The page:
“Mindfulness is paying attention, on purpose, non-judgmentally, in the present moment.”

The image below conveys this quote in a graphic way, which is how I have learned to learn. I better understand complicated concepts, when they are presented in graphically like this.


One year ago, in January, 2016 I attended a 1 week mindfulness course offered by the Center for Mindfulness.  It was a formative experience for me.  I learned how to practice mindfulness in several ways: by sitting quietly and meditating but also by mindfully eating and walking mindfully. I learned about the benefits of living in the present, instead of in the past or the future.


Washing the Dishes


I learned how one can be mindful during a mundane task, like washing the dishes or getting dressed.  I learned that by focusing completely on the experience, regardless how mundane, one begins to experience life more fully.  I also learned about the concept of awareness and that a wandering mind is not a problem, which is explained below:

Awareness sees the whole picture. With it, we can experience life with a more open lens. We might think it’s a bad thing to notice the mind drifting, but actually the reverse is true. The fact we can see it means we’re opening to greater consciousness.  It’s true that in mindfulness practice we’re cultivating a capacity to attend with greater stillness, stability, and strength. But with awareness, we can discover a way of being that isn’t caught in the reactive jumble of thought, sensation, and impulse, even when attention is drawn to it.  (from the online article A Wandering Mind is Not a Problem)

Practicing awareness feels natural to me.  It also goes hand-in-hand with a mindful practice.  Being aware allows me to experience fully every part of my daily life, including the fun times as well as the not-so-fun times.  It allows me to ‘step outside of’ my emotions and acknowledge what is happening around me as well to notice my thoughts and feelings.  Becoming aware of uncomfortable moments, like those sad or angry feelings that can happen in our lives, do not seem as uncomfortable or threatening when viewed from a thoughtful, mindful perspective.  More from the online article quoted above.

We’re called back to awareness when we notice the mind has wandered. Every noticing and every coming back inevitably happens in awareness. From this perspective, mind wandering isn’t a problem—indeed, noticing it means we’re starting to see our habitual patterns of perception more clearly. With awareness, we start to see that thoughts are just thoughts, sensations just sensations, sights just sights, and sounds just sounds.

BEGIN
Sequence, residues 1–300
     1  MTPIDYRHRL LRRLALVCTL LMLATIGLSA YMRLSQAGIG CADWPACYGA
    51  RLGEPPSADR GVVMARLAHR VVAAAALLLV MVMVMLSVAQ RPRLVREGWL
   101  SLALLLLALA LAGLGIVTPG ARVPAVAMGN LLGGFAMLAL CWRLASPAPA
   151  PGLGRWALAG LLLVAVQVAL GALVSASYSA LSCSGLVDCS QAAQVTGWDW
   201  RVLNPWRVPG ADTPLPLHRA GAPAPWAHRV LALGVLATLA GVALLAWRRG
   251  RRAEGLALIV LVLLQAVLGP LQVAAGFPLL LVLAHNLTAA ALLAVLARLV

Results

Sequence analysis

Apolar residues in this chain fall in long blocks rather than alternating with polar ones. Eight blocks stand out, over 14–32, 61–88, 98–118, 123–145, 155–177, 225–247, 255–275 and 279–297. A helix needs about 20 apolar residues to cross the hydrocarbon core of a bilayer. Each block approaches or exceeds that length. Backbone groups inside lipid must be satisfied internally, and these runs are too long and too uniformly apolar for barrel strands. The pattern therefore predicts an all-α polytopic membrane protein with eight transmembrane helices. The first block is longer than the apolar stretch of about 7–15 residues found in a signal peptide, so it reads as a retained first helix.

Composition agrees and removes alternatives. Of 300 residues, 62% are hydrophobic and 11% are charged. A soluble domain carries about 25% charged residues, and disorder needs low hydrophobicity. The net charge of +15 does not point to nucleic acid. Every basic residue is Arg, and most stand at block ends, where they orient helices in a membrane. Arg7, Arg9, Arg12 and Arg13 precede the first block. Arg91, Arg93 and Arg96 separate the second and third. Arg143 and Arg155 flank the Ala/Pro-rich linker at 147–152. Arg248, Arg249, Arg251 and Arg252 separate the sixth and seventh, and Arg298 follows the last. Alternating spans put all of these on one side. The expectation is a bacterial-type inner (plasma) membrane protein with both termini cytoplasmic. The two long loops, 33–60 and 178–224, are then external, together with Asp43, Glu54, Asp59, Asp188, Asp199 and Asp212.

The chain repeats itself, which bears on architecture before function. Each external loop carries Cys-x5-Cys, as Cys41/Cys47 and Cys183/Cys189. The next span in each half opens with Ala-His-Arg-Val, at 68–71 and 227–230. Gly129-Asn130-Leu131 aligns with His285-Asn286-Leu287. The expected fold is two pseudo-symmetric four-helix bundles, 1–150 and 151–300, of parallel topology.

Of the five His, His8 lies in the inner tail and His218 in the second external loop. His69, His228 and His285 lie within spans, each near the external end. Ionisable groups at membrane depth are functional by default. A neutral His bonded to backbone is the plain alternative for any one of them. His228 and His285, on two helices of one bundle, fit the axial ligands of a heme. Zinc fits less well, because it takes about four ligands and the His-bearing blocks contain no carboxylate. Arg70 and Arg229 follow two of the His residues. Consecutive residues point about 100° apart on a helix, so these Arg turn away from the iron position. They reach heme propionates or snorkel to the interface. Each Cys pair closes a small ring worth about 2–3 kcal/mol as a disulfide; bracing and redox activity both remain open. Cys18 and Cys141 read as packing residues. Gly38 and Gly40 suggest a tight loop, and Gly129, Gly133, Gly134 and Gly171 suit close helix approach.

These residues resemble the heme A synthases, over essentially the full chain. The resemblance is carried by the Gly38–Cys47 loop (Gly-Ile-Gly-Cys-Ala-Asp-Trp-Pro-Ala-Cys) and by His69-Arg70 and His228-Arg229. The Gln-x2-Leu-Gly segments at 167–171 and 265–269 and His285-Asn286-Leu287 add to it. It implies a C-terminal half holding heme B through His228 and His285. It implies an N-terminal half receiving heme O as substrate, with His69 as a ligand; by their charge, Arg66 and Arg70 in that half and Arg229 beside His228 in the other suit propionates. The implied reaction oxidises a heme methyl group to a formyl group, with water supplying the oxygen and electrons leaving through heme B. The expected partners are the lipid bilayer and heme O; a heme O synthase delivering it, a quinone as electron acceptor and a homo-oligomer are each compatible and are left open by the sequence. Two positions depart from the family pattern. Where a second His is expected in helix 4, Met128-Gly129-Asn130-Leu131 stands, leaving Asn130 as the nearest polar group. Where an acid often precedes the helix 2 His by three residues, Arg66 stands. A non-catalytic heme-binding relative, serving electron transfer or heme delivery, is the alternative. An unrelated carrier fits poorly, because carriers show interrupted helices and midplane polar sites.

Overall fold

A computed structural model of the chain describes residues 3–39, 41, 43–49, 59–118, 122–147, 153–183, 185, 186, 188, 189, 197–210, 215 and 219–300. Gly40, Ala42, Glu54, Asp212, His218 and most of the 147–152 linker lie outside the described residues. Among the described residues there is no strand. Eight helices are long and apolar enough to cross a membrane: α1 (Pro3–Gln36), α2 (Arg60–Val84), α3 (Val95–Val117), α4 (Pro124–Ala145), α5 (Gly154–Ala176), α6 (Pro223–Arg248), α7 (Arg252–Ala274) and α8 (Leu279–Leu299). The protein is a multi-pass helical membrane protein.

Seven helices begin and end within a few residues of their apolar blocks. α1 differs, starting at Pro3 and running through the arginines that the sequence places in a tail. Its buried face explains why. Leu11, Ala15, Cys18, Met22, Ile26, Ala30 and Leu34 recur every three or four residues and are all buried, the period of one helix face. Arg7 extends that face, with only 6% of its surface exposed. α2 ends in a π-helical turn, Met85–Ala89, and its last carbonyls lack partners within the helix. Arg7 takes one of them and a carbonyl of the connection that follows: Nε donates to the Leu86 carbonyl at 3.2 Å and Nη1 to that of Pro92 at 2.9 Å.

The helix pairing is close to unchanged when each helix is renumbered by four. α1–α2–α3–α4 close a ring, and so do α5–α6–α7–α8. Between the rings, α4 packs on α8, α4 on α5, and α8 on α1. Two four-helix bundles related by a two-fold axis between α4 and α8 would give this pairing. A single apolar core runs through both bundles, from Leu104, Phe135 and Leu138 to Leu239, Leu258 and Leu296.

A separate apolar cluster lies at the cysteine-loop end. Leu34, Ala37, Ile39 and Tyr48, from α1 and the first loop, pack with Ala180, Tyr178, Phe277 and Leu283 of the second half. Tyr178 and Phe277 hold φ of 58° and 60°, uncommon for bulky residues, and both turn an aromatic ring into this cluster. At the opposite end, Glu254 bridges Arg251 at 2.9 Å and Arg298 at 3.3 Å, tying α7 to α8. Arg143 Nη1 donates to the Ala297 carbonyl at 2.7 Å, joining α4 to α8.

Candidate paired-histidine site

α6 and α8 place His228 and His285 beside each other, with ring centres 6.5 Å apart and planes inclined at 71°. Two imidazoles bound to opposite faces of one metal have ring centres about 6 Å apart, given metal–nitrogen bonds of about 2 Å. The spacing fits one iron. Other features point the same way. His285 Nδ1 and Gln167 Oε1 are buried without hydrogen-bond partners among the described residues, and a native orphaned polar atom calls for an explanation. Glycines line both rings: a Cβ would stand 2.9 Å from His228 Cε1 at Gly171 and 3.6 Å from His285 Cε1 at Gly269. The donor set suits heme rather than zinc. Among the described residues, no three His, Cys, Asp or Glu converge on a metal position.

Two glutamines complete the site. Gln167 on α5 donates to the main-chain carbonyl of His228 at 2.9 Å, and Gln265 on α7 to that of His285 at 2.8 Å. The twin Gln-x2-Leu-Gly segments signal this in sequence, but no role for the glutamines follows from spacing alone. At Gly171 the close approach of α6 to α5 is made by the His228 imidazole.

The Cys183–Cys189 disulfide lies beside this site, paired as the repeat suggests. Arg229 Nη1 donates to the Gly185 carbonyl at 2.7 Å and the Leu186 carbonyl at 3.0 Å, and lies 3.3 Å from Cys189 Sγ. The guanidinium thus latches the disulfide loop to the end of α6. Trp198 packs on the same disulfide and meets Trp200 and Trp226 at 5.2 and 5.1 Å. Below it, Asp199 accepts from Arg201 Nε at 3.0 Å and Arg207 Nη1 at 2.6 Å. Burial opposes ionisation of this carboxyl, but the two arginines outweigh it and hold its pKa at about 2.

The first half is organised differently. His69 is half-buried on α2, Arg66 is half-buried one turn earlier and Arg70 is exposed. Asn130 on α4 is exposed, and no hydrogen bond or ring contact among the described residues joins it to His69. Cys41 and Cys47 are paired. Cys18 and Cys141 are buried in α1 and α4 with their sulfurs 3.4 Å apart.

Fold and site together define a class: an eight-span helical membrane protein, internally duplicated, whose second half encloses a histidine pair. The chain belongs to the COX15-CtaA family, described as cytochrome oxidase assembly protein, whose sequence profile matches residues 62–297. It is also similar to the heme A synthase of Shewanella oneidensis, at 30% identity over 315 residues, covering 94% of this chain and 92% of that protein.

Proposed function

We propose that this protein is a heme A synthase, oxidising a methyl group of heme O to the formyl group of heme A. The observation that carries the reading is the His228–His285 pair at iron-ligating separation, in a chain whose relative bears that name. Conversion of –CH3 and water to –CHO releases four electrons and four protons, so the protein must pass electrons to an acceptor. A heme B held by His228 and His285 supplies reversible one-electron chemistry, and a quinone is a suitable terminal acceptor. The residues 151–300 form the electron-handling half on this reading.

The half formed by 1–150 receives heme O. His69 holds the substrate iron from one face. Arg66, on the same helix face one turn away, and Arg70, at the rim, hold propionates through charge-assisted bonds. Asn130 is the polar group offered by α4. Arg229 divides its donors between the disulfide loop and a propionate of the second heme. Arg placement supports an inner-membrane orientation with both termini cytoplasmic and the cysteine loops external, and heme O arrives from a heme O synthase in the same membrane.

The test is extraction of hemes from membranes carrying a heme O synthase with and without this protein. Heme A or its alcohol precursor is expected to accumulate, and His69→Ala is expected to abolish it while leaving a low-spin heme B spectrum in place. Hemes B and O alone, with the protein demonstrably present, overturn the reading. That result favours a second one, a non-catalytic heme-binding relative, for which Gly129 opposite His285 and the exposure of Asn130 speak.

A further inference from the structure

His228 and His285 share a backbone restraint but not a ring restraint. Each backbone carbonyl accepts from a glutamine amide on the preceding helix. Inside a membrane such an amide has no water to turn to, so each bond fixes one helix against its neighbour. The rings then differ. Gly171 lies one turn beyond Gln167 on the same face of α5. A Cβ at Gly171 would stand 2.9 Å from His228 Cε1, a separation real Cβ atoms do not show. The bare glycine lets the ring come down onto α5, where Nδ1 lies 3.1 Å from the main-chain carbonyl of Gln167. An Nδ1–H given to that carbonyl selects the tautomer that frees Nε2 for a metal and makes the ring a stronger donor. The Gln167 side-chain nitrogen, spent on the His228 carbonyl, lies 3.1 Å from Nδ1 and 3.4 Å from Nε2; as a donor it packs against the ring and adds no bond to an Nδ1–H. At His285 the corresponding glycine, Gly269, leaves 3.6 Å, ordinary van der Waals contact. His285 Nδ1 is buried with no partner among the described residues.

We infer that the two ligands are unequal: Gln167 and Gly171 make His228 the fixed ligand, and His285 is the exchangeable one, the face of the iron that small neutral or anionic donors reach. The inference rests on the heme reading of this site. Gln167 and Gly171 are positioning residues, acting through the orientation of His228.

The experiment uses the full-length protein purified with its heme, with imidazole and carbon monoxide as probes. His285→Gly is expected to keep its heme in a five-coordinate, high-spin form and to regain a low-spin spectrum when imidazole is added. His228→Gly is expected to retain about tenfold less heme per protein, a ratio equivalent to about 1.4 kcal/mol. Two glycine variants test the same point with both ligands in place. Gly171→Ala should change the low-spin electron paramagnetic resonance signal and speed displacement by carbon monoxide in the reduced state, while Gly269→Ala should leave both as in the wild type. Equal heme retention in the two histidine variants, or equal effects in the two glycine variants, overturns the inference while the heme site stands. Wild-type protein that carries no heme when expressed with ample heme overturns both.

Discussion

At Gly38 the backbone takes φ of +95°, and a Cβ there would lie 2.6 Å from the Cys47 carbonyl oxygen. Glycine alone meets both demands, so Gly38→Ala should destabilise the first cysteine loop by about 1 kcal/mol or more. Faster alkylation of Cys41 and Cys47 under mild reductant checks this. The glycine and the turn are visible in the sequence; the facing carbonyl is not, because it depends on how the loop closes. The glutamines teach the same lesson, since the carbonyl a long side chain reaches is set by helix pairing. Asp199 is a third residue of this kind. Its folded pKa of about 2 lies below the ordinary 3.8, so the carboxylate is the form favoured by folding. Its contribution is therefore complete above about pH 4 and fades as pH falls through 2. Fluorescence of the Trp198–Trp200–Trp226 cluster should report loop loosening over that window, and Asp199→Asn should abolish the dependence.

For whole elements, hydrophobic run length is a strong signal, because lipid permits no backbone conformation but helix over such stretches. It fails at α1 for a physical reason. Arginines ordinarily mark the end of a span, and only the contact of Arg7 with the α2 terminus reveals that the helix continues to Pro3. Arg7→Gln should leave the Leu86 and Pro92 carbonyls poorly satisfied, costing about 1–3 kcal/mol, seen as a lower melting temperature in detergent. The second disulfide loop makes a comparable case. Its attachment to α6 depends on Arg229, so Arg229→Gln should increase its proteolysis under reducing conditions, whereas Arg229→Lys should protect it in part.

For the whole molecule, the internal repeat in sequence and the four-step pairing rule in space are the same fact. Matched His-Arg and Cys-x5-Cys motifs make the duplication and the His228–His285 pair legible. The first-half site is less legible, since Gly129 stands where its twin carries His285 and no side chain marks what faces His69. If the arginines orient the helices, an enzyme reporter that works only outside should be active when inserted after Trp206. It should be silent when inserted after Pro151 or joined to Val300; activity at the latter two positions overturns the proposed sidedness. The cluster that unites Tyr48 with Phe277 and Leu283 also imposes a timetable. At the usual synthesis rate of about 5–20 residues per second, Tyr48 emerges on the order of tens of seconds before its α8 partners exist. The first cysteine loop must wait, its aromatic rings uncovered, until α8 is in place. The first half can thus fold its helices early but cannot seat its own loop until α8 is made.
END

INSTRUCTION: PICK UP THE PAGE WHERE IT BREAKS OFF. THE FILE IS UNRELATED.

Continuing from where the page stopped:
This is one of my key goals in 2017: to be more mindful and more aware of all the experiences that make up my daily life, both the pleasant experiences as well as those that are more challenging.

My wish for you, dear reader, is also to have a mindfully aware 2017.  I hope your goal setting for this new year brings you everything that you wish for as well.


Halliwell, E. (2015) Mind-Wandering is Not a Problem.  http://www.mindful.org/mind-wandering-is-not-a-problem/

A Research Project on Mindfulness

shellv2I have been working on a research project that explores my attempt at practicing mindfulness while trekking the Camino de Santiago for 4 weeks in June, 2016.

Camino de Santiago

What is the Camino de Santiago? The Camino is a 500-mile pilgrimage in northern Spain that reportedly follows the route taken by St. James the apostle 2,000 years ago. Trekkers take this journey for several reasons: spiritual or religious, cultural, physical, personal and others. I took this journey it to learn how a mindful practice while trekking impacts the experience. This blog is a way for me to share my experience, reflections, findings and interpretations.


I solo-trekked 460 miles in 4 weeks averaging 15 miles a day.  This involved walking for 21 days and riding a rented bike for 4 days.   I stayed in albergues (hostels) every night, which made it an inexpensive (10 euros) and fun communal experience (5-10 bunk beds per room).

View from one of the high points, with a hiking buddy in the lead…

The trek wound through medieval villages and remote countrysides.

I witnessed impressive art & interesting architecture

I experienced expansive vistas and stunning views.

The Research Project

The research methodology I am using is an autoethnography, which uses self-reflection (journaling, photography) to explore a personal experience (trekking the Camino) while connecting it to a broader social context (mindfulness).  My data collection methods involved writing in my journal and taking photos with my iPhone, which I then posted on   www.instagram.com/peterjcormier

This project is in the very early stages.  I’ve used several data analysis coding techniques to explore the data in my journal including

  • Descriptive Coding (using a noun to describe meaning)
  • Values Coding (categorizing data into values, attitudes and beliefs)
  • In Vivo Coding (lifting actual words or phrases from the data)
  • Themeing (categorizing the data into obvious and underlying meanings)

An Arts-Based Inquiry


Art-based research is a form of qualitative research, which uses one or more art forms to interpret the data.  The art forms that may be utilized in this effort include dance, music, literature, visual art, drama or poetry.

In her book, Method Meets Art: Arts-Based Research Practice, author Patricia Leavy (2009) explains why poetic inquiry is a useful interpretive approach.

Poems are highly attentive to space (which includes breath and pauses), using words sparsely in order to paint what I term a feeling picture.  Put differently poems use words, rhythm, and space to create sensory scenes where meaning emerges from the careful construction of both language and silences.  In this way, a poem can be understood as evoking a snippet of human experience that is artistically expressed as in a heightened state. (2007, p. 64)

I used poetry and the results of In Vivo coding to interpret 2 short reflections on mindfulness I found in my journal.  This yielded the following poem, which has recently become my mantra.  Reading it helps me practice mindfulness, which is made more special by bringing to mind, the many different experiences that marked my Camino journey.

Here and Now.

Just be.
Try not to overthink.
Don’t miss this opportunity.
Instead, just be.  Embrace it, this moment.
That is the secret.
You understand.  You always have.